December 15, 2008

Should You Racialize the Internet for Social Change and Community?

Mozilla has launched Blackbird, a web browser created for African-Americans. The browser filters searches, networks, and websites to bring African-American related content and acts as a network for African-Americans to connect and highlight African-American charities.

My gut reaction is that this browser is created to make money for advertisers. African-Americans are projected to have over $1 trillion in purchasing power by 2012 so anyone who can get this groups attention will certainly see profits. Additionally for the 85% of African-American web users who prefer African-American related content this browser does all of the filtering and searching that they may not have the time or savvy to do.

At the same time, if we recognize that the Internet has revolutionized how we learn and interact with the world around us there is something unsettling about limiting content to solely focus on an ethnic group. And who gets the privilege of selecting what exactly is African-American content? What if I am interested in something that doesn't have a high African-American following or focus, will that info not be shown?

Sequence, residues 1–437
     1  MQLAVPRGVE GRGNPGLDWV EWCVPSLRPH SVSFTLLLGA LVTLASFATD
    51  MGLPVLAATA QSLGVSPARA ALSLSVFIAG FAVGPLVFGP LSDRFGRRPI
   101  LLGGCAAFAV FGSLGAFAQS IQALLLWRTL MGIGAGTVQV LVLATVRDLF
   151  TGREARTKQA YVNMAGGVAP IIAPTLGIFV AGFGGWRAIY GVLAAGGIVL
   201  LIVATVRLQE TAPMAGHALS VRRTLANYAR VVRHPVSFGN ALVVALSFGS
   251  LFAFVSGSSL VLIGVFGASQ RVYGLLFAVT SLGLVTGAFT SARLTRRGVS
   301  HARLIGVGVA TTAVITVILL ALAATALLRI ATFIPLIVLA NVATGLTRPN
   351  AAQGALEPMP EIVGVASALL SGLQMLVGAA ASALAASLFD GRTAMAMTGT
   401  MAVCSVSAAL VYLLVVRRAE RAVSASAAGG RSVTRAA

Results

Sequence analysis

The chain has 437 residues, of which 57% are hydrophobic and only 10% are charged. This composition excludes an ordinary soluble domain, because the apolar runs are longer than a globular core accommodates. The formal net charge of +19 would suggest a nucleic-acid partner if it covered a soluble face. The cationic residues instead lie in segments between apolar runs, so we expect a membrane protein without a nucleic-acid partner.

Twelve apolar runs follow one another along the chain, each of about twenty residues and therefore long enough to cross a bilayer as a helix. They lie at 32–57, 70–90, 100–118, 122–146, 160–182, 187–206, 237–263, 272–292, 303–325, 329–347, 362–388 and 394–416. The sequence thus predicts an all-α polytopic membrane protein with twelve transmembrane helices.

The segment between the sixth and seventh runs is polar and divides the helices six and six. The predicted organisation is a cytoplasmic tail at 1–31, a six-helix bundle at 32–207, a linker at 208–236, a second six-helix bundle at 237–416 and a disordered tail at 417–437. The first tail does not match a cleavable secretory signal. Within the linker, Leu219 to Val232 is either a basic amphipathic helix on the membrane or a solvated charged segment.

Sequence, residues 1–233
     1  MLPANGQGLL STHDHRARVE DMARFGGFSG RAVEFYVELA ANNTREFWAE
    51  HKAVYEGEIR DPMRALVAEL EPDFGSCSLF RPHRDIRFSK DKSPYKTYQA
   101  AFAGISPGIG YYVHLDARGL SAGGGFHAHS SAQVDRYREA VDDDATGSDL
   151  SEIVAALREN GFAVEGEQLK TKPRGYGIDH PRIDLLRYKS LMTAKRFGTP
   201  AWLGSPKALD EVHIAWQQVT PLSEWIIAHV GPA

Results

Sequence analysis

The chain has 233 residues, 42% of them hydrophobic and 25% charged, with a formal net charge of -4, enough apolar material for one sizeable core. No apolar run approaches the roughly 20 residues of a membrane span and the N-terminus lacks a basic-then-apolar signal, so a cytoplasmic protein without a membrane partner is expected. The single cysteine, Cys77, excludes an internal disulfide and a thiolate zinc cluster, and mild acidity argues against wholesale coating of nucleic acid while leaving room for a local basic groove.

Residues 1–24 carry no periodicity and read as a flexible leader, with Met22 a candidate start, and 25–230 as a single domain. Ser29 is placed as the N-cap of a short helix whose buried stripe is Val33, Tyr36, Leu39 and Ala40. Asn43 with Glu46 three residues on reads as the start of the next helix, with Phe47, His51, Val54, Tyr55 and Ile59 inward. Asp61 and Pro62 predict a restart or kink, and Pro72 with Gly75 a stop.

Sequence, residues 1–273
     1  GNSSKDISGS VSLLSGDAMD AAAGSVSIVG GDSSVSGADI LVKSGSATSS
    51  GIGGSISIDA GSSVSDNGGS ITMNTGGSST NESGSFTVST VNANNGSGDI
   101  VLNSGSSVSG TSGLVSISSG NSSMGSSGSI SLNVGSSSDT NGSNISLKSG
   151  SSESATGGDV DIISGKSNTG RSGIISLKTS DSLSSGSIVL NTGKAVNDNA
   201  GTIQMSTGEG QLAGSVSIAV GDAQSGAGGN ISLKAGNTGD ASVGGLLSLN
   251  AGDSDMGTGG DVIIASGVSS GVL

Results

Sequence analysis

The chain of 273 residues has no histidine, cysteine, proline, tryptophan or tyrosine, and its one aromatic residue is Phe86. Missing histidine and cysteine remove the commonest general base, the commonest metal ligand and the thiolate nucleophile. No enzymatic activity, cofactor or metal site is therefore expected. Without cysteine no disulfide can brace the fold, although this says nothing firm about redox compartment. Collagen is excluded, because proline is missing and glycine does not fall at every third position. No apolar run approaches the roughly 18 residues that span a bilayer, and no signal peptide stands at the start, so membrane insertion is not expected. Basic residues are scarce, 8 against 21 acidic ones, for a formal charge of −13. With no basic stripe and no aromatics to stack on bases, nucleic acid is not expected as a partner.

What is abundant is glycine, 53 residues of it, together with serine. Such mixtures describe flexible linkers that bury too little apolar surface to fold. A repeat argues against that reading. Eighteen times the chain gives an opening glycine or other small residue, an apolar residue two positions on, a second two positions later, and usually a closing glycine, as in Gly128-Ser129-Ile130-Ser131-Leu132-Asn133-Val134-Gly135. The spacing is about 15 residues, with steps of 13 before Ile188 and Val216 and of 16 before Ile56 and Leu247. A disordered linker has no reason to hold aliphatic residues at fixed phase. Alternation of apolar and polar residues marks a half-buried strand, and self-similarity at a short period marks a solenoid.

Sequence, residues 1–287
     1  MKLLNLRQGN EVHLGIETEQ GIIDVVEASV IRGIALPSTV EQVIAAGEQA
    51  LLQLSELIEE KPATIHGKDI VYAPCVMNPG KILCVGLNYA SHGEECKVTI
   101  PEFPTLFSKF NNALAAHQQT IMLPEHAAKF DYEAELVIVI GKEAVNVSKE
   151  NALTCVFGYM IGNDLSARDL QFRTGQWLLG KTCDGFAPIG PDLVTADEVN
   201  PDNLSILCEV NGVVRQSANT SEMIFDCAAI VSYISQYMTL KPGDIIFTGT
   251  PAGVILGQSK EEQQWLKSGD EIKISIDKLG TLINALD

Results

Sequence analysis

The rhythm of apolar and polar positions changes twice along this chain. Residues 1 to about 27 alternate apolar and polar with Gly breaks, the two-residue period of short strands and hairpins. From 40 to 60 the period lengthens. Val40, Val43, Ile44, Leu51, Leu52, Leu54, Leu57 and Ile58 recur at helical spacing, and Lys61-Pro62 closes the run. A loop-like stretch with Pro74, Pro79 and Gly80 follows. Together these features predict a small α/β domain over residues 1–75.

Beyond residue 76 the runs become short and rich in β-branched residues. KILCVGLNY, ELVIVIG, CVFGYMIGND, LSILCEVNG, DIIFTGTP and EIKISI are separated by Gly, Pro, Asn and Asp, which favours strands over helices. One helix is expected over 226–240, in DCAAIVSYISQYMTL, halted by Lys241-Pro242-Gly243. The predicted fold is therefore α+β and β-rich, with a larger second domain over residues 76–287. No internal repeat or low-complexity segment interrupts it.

The only aspect of this browser that stands out is its Give Back function (coming soon) which will provide greater visibility for African-American community based organizations. But couldn't that have been a website instead of a browser? And wouldn't it help to have the visibility of African-American charities grow among all groups of people?

The goal of building community and social change seem lost by having a separate browser since change is not possible in isolation.

What are your thoughts?


This post was written by Allison Jones, a development and communications professional in New York City and volunteer blogger with the Literacy 'n' Poverty Project. She is a writer, advocate, and educator focusing on empowering young people to change the world. Please leave your comments or email ajlovesya@gmail.com.

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